Match Coverage

City 1-2 Spurs: match report and goals

The final whistle squealed like an excited girlfriend returning from a grueling day at work and opening her eyes to find an immaculate fillet of venison steak cooked for her by her usually redundant boyfriend. Steaming, juicy, medium rare – just how she liked it. He hadn’t forgotten the wine, either; their personal butler Mark Clattenburg stood silently in the corner nestling a bottle of Château La Garde, smirking like a man who was planning on pleasuring a woman himself that night.

She’d never reveal it, but Valentine’s Day was important to her. This was her second year with her new Spanish boyfriend and although she believed him to be a significant upgrade on previous partners, he had failed to deliver the promise of a luxurious trip around Europe. But on February 14th 2016, after whispering sweet nothings into one another’s ears, he slid an envelope under her palm. Inside lay two tickets. Together, the girl and her partner, Mauricio, were going places.

On the other side of town, a different kind of relationship was unfolding. The couple of three years seemed to be the perfect match at the start. They had toured the world together, he had treated her to an exquisite range of English silver and the sex had been incredible. Ferocious in fact. But he was ageing and she already had her eyes on another man. He knew it, too, and although he wouldn’t admit it, it was rocking him. For the girl and her older lover, Manuel, Valentine’s Day 2016 was a story of heartache.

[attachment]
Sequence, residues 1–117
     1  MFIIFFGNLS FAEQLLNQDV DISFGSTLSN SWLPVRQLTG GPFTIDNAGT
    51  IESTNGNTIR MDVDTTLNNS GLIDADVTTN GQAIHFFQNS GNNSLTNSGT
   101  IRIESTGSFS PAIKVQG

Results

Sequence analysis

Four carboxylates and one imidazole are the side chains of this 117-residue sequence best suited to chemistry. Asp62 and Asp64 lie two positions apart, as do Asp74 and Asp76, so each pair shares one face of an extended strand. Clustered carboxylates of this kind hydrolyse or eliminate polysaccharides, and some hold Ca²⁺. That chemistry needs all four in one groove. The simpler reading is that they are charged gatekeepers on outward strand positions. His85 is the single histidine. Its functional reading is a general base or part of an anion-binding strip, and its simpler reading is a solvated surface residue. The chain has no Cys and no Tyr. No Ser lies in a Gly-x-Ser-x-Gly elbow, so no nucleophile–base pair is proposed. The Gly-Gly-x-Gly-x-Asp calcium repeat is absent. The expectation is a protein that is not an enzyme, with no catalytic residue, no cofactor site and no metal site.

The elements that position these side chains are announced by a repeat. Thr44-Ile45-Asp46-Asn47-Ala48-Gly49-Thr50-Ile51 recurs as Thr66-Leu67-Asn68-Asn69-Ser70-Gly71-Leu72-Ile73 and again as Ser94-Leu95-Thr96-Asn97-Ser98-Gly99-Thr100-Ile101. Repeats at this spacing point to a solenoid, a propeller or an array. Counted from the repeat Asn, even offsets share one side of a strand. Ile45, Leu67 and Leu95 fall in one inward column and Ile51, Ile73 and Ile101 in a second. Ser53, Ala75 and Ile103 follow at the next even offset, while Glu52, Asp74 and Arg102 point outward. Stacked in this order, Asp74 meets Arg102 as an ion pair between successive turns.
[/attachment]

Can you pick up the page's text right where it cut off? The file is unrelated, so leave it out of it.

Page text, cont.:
Tottenham’s 2-1 win over us yesterday seemed to hammer the final nail into the coffin of our title hopes. For Spurs, it was a result that strengthened theirs. Under Mauricio Pochettino, their fans have been able to wave goodbye to the past where astronomical amounts of money were misspent and promising campaigns were derailed by a plague of inconsistency. Here is an intelligent, yet aggressive, young manager who excels in bringing the best out of players others deemed as lost causes and a coach who quite clearly spends hours on organisation and fitness in training.

Take Erik Lamela, for example. In previous years, the sight of the Argentine entering the fray with the intention of winning the game for his side would have drawn sighs from Spurs fans and giggling from our own, but Pochettino is beginning to rescue the talent from the lad they paid £26m for three years ago. The 23-year-old, an impotent winger under Tim Sherwood, poked a delicious ball into Christian Eriksen for an 83rd minute winner yesterday. Touched by the healing hands of his new gaffer, he’s now a versatile forward with a bright future ahead of him.

In spite of Tottenham’s brilliance, this was not a result we deserved. It was one we expected, definitely – our last two home games have got me humming ‘you used to win football games at home’ to the tune of Drake’s ‘Hotline Bling’ – but the display we put on warranted at least a draw. Vincent Kompany returned to the side and the calming effect he had on the defence was impressive. The Belgian, who has been sorely missed throughout the season, made 10 clearances and won 100% of his aerial duels in his first start since December and kept loose-cannon Otamendi on a leash. It was a professional display from our back line, undoubtedly influenced by the skipper.